All in a day’s work

I got back from yesterday’s trip to a very muggy London with a raging sore throat and a brain as sluggish as an England defender on an action replay. Come to think of it, I must be as sick as a parrot. I’m sweating like a pig too, although I don’t know whether that’s a symptom of anything nasty or just because it’s still so warm and humid. Anyway, in view of my likely incoherence I thought I’d keep it brief (again) and just mention a few salient points from the last day or two.

I went to London as part of my duties as External Examiner for the MSc Course in Astrophysics at Queen Mary, University of London. Of course all the proceedings are confidential so I’m not going to comment on anything in detail, except that I spent a bit of time going through the exam scripts before the Examiners’ Meeting in a room that did a very passable impersonation of a heat bath. When I was later joined by the rest of the Exam Board the temperature soared still further. Fortunately the business went relatively smoothly so nobody got too hot under the collar and after concluding the formal business, a few of us cooled off with a beer or two in the Senior Common Room.The students spend the next couple of months writing their dissertations now that the written exams are over, so we have to reconvene in October to determine the final results. I hope it’s a bit cooler by then.

I couldn’t stay long at Queen Mary, however, as I had a working dinner to get to. Regular readers of this blog (both of them) may remember that I’m involved in project called Beyond Entropy which is organized by the Architectural Association School of Architecture. I’ve been working on this occasionally over the months that have passed since I first blogged about it, but deadlines are now looming and we need to accelerate our activity. Last night I met with the ever-enthusiastic Stefano Rabolli Pansera at the house of Eyal Weizman by Victoria Park in the East End, handily close to Queen Mary’s Mile End campus. Assisted by food and wine we managed to crystallise our ideas into something much more tangible than we had managed to do before on our theme of Gravitational Energy. The School has offered us expert practical assistance in making prototypes and  I’m now much more optimistic about our exhibit coming together, not to mention excited at the prospect of seeing it on display at the Venice Architecture Biennale. I won’t say what we’re planning just yet, though. I’d rather wait until it’s done before unveiling it.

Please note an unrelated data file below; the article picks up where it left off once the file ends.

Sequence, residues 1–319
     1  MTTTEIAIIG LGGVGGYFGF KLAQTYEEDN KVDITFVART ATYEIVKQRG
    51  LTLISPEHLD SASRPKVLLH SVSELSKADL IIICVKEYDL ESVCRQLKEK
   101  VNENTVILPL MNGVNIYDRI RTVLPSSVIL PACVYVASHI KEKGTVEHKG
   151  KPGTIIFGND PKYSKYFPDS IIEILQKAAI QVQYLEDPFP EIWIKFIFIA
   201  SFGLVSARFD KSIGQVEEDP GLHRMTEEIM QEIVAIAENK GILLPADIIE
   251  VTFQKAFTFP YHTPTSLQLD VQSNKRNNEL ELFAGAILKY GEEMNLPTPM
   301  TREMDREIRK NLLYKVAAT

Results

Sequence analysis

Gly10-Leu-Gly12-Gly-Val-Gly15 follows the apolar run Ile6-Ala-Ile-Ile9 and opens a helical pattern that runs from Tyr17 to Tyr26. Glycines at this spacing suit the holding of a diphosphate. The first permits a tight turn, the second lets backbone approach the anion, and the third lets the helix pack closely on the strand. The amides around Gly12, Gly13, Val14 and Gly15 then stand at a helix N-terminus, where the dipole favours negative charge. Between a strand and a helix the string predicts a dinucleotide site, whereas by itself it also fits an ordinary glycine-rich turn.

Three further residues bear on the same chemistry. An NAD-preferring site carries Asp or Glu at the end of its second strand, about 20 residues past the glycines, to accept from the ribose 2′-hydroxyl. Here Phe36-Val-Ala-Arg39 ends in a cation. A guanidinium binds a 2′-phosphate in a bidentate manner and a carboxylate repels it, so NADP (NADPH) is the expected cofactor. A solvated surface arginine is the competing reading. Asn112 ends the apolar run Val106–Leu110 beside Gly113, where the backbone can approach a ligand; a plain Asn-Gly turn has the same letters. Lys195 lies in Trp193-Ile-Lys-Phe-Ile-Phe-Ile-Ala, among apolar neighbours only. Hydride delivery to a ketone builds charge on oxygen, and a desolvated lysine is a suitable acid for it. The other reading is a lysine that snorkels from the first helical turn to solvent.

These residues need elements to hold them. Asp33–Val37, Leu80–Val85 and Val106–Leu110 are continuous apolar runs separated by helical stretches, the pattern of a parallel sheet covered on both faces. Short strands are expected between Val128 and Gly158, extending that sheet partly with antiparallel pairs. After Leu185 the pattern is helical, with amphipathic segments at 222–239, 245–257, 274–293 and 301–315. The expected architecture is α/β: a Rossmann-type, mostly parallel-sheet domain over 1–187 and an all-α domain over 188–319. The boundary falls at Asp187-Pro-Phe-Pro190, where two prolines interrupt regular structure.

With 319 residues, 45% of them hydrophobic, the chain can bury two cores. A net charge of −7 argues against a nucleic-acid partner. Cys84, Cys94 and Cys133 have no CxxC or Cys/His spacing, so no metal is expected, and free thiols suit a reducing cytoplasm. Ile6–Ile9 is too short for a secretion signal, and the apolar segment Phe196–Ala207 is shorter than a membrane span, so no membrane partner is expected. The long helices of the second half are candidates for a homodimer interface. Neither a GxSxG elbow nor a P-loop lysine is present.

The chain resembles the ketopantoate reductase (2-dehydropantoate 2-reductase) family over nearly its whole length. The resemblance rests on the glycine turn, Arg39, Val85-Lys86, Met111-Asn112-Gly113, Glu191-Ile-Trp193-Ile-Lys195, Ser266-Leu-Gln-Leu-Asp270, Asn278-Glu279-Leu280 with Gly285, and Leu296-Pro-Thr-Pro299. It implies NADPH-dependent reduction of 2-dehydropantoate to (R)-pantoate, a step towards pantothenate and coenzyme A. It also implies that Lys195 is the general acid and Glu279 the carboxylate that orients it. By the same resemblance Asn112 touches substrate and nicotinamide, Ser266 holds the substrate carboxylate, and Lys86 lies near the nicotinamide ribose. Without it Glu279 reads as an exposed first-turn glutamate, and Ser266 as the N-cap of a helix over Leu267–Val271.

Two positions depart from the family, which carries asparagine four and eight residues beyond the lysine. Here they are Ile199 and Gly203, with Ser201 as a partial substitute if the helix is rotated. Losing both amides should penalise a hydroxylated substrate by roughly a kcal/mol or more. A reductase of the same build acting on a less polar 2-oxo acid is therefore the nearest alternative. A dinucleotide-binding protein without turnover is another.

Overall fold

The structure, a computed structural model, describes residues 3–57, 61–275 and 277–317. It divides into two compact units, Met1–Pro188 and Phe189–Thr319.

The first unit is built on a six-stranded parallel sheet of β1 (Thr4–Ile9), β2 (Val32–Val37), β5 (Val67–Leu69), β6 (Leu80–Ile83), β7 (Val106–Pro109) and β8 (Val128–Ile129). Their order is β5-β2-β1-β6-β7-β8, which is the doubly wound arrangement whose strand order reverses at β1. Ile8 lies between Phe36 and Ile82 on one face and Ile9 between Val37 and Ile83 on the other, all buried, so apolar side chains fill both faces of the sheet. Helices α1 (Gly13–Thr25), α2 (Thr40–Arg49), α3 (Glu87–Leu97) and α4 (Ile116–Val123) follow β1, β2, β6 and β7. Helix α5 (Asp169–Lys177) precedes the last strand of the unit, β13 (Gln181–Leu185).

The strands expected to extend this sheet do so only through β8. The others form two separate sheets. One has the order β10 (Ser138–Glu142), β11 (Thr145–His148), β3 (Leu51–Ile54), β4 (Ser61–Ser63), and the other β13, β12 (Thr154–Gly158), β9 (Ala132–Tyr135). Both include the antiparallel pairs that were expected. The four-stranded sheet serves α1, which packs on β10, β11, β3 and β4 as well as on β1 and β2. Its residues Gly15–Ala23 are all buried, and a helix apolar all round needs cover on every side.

Incidentally, here’s a link to a  lecture by Eyal Weizman where he gives some interesting perspectives on architectural history.

Finally, and nothing to do with my trip to the Big Smoke, I noticed today on the Research Fortnight Blog that the Higher Education Funding Council for Wales (HEFCW) is planning to reduce the number of universities in Wales “significantly” from its current level of 12. This is an interesting development and one that I’ve actually argued for here. Quoting Leighton Andrews, Welsh Assembly Minister responsible for higher education, the piece says

“This target does not mean fewer students,” he said in a statement. “But it is likely to mean fewer vice chancellors. We will have significantly fewer HE institutions in Wales but they will be larger and stronger.”

How these reductions will be achieved remains to be seen, but it seems obvious that quite a few  feathers will be ruffled among the management’s plumage in some institutions and it looks like some vice chancellors will be totally plucked!

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3 Responses to “All in a day’s work”

  1. Anton Garrett Says:

    It’s warm in Shropshire but it doesn’t feel sticky. When I started research in Cambridge in 1979, *really* hot and sticky days were so rare that I took them off. If I’d done that by the time my second stint in the city ended in 2004, I’d not have got much work done in the summer months. Yet the met people assured me that the temperature, although higher, was not that much higher.

    Of course it could be a subjective effect, but I learned to work in Sydney between my two stints in Cambridge, and Sydney is nearer the equator than anywhere in Europe so I don’t think so. I now wonder if humidity levels have increased during my adult life, as I think that humidity has a greater effect on comfort than temperature.

    Anybody know?

    Anton

  2. telescoper Says:

    I have two completely anecdotal contributions. In the early 90s I went on holiday to Egypt and spent a couple of days in the south, in Aswan. The temperature was 48 degrees in the shade, but humidity was zero. It was hot, but showers and/or dip in the pool were enought to keep you sane. Drinking lots of water was a must too. But I enjoyed it there.

    Later on, while on a trip to the USA, I went to New Orleans in the middle of summer. The temperature was around 28 degrees but the humidity was a killer. Couldn’t sleep. It was so bad I had to stay in jazz clubs all night. I’d been looking forward to seeing New Orleans for ages but unfortunately my memory of the trip is dominated by the sense of discomfort!

    London yesterday wasn’t anything like either of these, but it’s still no place to be in hot weather.

  3. If you’ve come away from the Underground with nothing more than a cold you’ve done very well indeed!

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